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12 Americans among 17 dead in bombing of NATO bus

A Taliban suicide bomber rammed a vehicle loaded with explosives into an armored NATO bus Saturday on a busy thoroughfare in Kabul, killing 17 people, including a dozen Americans, in the deadliest strike against the U.S.-led coalition in the Afghan capital since the war began.

The blast occurred on the same day that a man wearing an Afghan army uniform killed three Australian soldiers and an Afghan interpreter in the south -- attacks that show the resiliency of the insurgency and are likely to raise new doubts about the unpopular 10-year-old war and the Western strategy of trying to talk peace with the Taliban.

A spokesman for the fundamentalist Islamic movement, which was ousted in the 2001 invasion for its affiliation with al-Qaida, claimed responsibility for the Kabul attack, saying the bomber had used 1,540 pounds of explosives.

The Taliban and related groups have staged more than a dozen major attacks in Kabul this year, including seven since June, in an apparent campaign to weaken confidence in the Afghan government as it prepares to take over its own security ahead of a 2014 deadline for the United States and other NATO countries to withdraw their troops or move them into support roles.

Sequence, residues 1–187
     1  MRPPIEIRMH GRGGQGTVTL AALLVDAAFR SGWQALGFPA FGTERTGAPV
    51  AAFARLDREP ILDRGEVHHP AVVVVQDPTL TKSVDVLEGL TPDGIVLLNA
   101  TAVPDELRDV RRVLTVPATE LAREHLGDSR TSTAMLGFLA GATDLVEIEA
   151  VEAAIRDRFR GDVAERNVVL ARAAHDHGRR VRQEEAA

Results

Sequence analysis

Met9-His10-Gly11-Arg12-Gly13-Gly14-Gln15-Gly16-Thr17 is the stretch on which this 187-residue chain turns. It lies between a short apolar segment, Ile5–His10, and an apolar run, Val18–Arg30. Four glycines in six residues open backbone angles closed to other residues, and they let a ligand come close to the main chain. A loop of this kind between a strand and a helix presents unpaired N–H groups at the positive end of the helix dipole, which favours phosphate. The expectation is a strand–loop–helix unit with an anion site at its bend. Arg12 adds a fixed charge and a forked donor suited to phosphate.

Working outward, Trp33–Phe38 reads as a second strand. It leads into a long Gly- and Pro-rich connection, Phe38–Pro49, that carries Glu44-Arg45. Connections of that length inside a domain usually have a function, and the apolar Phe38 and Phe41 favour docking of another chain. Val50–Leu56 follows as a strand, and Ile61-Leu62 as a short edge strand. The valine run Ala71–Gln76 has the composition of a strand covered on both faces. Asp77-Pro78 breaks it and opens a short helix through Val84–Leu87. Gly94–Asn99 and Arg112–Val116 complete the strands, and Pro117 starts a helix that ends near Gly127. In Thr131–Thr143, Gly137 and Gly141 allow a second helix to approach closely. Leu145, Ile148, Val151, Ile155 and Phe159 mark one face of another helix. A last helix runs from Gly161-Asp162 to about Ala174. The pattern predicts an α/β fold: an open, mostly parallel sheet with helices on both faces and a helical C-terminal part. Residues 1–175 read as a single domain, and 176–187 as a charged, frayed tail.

Underscoring the difficulties ahead, the brazen assault occurred just hours after top Afghan and Western officials met in the heart of Kabul to discuss the second phase of shifting security responsibilities to Afghan forces in all or part of 17 of the country's 34 provinces. Afghans already have the lead in the Afghan capital.

Heavy black smoke poured from the burning wreckage of an armored personnel carrier, known as a Rhino, in Kabul after the bomber struck. The bus had been sandwiched in the middle of a convoy of mine-resistant military vehicles when it was hit along a four-lane highway often used by foreign military trainers in the southwestern part of Kabul.

U.S. soldiers wept as they pulled bodies from the debris, said Noor Ahmad, a witness at the scene. One coalition soldier was choking inside the burned bus, he said.

"The bottom half of his body was burned," Ahmad said.

NATO said five of its service members and eight civilian contractors working for the coalition died in the attack.

A U.S. defense official, speaking on condition of anonymity to release the information before a formal announcement, said all 13 were Americans. However, Lt. Col. Christian Lemay, a Canadian defense spokesman, told the Associated Press that one Canadian soldier was among the troops killed. The discrepancy could not immediately be reconciled.

It was the deadliest single attack against the U.S.-led coalition across the country since the Taliban shot down a NATO helicopter on Aug. 6 in an eastern Afghan province, killing 30 U.S. troops, most elite Navy SEALs, and eight Afghans.

In Canberra, the Defense Department said three Australian soldiers and their Afghan interpreter were killed in the attack in southern Kandahar province, and seven Australian soldiers were wounded.

The Australian Broadcasting Corp. said the attack occurred during a morning parade at a forward patrol base, and the gunman wearing an Afghan army uniform was later killed.

Just a day earlier, the Pentagon issued a progress report saying that the number of enemy-initiated attacks in Afghanistan was trending downward.